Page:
U.S. Travel Trends Index

Unexpected Surge for U.S. Travel Growth Outlook

Interest in the U.S. as a destination soars; U.S. travel economy defies long odds to post late-year gains
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Unexpected Surge for U.S. Travel Growth Outlook

U.S. Travel Association

A volatile political season, a strong dollar and blanket news coverage of the Zika virus could not bridle the growth of America’s travel industry in August, according to the U.S. Travel Association’s latest Travel Trends Index (TTI).

Travel volume in the U.S. rose by 4.4 percent in August relative to a year ago, according to the TTI. Domestic travel registered its fastest year-over-year growth in four months, with continued healthy growth in leisure travel joined by a long-awaited pickup in domestic business travel.

Most notably, interest in the U.S. as a destination has grown both domestically and internationally. According to lodging search data from nSight, international travelers planning trips within the next 60-90 days view the U.S. as a safer and more stable destination than Europe. Too, greater numbers of domestic travelers are taking advantage of low fuel prices, and choosing to stay closer to home this fall.

The nSight indicator is one of several data points used to develop the TTI each month.

According to nSight, 80 percent of lodging searches by U.S. residents in August were domestic—the highest share recorded since U.S. Travel began tracking this data two years ago, and a six percent increase since May. The Southwest region of the U.S. experienced a significant boom in searches, likely spurred by August’s National Park Service Centennial.

Additionally, America’s share of international travel searches rose to 16 percent, up 26 percent since May. Spain, the second-most-searched country, captured only 10 percent of searches. Though it remains to be seen whether this interest will translate into any significant growth in actual bookings, the lodging search numbers are welcome news for a U.S. travel industry that has had to clear some hurdles to sustain its growth throughout 2016.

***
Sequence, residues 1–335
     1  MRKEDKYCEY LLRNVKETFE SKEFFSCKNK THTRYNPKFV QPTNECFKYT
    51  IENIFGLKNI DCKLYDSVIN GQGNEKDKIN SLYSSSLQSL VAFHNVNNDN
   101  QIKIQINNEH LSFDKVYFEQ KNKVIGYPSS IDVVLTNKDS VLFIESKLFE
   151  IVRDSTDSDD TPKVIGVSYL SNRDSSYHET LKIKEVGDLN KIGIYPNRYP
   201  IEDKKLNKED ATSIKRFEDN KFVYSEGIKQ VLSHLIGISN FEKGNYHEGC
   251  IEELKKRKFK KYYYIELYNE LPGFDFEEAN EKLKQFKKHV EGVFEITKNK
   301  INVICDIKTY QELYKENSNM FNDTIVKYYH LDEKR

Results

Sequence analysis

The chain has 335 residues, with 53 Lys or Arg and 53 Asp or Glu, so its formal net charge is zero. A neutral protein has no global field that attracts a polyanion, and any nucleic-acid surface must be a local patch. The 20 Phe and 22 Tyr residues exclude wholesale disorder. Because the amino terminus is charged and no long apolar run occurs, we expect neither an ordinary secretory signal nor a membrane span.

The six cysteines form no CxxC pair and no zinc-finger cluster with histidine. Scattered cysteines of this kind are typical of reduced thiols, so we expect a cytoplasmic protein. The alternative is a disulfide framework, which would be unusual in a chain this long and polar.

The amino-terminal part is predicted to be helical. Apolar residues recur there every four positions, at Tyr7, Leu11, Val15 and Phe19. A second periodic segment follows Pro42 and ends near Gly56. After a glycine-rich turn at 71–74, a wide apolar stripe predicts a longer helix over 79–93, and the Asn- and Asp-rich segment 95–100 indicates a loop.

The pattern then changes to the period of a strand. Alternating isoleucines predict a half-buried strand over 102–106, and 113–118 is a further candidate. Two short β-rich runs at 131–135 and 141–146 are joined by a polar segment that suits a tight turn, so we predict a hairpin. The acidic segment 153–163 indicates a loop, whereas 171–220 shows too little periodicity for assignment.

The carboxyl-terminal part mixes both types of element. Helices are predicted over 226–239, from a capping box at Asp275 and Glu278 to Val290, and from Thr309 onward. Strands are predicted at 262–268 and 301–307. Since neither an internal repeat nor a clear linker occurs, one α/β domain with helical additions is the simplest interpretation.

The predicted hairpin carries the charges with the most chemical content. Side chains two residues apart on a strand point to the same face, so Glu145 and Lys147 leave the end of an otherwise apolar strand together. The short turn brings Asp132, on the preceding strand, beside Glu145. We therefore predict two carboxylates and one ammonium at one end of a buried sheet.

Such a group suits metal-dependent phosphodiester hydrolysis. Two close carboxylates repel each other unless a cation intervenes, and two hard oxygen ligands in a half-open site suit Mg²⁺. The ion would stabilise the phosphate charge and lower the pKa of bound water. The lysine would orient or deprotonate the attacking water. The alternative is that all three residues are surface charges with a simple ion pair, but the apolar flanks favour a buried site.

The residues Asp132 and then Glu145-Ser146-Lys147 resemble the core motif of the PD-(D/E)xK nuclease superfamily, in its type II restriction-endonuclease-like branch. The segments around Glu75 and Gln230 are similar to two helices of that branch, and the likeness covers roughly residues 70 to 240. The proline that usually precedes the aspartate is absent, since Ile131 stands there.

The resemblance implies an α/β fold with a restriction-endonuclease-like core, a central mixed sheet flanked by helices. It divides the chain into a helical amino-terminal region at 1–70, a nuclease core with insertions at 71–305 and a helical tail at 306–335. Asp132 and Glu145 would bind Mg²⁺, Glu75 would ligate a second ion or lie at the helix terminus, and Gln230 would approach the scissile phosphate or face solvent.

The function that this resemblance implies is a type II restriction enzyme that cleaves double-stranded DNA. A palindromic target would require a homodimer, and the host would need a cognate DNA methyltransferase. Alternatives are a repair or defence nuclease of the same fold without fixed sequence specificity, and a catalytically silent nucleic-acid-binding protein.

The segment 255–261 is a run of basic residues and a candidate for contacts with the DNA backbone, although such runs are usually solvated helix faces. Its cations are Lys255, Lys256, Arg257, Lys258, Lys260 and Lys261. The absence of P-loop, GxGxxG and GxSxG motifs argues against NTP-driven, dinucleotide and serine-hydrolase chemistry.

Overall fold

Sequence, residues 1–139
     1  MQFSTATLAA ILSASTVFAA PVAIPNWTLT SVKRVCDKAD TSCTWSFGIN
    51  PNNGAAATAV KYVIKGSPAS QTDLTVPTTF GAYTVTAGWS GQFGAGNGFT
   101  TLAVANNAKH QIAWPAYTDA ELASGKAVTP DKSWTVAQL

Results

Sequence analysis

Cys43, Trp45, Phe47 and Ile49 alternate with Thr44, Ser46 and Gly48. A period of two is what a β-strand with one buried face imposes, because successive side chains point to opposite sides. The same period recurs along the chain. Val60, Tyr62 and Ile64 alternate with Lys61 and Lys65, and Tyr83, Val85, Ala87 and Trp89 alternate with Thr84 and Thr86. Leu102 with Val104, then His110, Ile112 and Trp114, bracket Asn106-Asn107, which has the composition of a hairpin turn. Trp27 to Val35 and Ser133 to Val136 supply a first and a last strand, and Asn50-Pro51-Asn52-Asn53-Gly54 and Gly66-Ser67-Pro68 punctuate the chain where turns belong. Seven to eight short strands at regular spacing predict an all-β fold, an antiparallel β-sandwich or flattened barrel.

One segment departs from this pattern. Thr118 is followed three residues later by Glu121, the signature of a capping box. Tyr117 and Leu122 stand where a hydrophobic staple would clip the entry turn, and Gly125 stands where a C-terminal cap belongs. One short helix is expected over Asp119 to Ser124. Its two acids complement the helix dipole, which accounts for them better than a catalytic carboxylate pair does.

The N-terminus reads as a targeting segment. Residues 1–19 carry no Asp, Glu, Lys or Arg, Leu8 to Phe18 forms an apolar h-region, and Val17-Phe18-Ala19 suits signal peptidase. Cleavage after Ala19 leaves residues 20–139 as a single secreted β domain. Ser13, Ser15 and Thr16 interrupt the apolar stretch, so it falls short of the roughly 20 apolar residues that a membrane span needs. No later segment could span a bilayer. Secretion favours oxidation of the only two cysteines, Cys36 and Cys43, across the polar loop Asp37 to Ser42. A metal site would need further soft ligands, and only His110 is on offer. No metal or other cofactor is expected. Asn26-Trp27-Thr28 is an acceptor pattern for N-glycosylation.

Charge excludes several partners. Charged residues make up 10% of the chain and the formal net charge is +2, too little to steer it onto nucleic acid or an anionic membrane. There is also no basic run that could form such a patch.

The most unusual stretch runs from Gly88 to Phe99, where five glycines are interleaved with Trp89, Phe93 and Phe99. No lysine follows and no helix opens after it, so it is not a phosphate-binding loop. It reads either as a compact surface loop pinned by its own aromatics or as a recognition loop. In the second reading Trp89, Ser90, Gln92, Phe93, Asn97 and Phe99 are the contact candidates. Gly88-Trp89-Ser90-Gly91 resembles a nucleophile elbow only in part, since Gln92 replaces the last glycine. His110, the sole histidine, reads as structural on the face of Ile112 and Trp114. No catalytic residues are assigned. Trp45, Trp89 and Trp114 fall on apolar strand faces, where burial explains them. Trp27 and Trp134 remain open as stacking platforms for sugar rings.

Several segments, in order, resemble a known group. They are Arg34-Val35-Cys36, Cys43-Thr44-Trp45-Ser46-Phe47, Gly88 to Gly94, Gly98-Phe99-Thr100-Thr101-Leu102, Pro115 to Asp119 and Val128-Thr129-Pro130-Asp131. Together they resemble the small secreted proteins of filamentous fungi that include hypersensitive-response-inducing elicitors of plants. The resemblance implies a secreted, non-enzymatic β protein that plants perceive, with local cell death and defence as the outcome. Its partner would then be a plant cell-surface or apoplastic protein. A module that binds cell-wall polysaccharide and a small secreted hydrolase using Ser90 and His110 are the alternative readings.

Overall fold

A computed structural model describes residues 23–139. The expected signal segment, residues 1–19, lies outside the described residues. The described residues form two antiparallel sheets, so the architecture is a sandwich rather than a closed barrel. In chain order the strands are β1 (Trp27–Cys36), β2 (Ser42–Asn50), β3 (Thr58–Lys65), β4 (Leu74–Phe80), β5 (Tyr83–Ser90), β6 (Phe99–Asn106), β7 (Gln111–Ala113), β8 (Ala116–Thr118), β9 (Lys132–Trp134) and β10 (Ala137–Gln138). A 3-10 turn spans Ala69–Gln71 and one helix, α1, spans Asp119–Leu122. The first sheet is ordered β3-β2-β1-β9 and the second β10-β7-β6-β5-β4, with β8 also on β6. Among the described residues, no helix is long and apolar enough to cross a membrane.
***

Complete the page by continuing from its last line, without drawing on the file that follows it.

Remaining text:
“Although travel has outperformed the economic recovery overall, our grip on prolonged growth has felt tenuous at times because of the dollar’s impressive run and a rogue’s gallery of other concerning factors,” said U.S. Travel Association President and CEO Roger Dow. “Between TSA’s early-summer issues, Brexit, Zika and a tumultuous U.S. election cycle, it’s been a year of news stories that don’t particularly create the yearning to travel, particularly among internationals. Here is evidence that travelers around the world have been able to look past the headlines to see the reality: the U.S. is open for business.”

In the full TTI report, the 3- and 6-month LTI readings of 50.8 and 50.6, respectively, indicate that U.S. travel overall is expected to grow at a rate of around 1.4 percent through February 2017.

The TTI consists of the Current Travel Index (CTI), which measures the number of person-trips involving hotel stays and/or flights each month, and the Leading Travel Index (LTI), which measures the likely average pace and direction of business and leisure travel, both domestic and international inbound. It assigns a numeric score to every travel segment it examines—domestic and international, leisure and business—in current, 3-month and 6-month predictive indicators. As with many indices similarly measuring industry performance, a score above 50 indicates growth, and a score below 50 indicates contraction.

 

Table - U.S. Travel Trends Index August2016 Table - U.S. Travel Trends Index August2016

The U.S. Travel Association developed the TTI in partnership with Oxford Economics, and draws from multiple data sources to develop these monthly readings. In order to compile both the CTI and LTI readings, the organization’s research team utilizes multiple unique non-personally identifiable data sets, including:

  • Advance search and bookings data from ADARA and nSight;
  • Passenger enplanement data from Airlines for America (A4A);
  • Airline bookings data from the Airlines Reporting Corporation (ARC); and
  • Hotel room demand data from STR.

Click here to read the full report.



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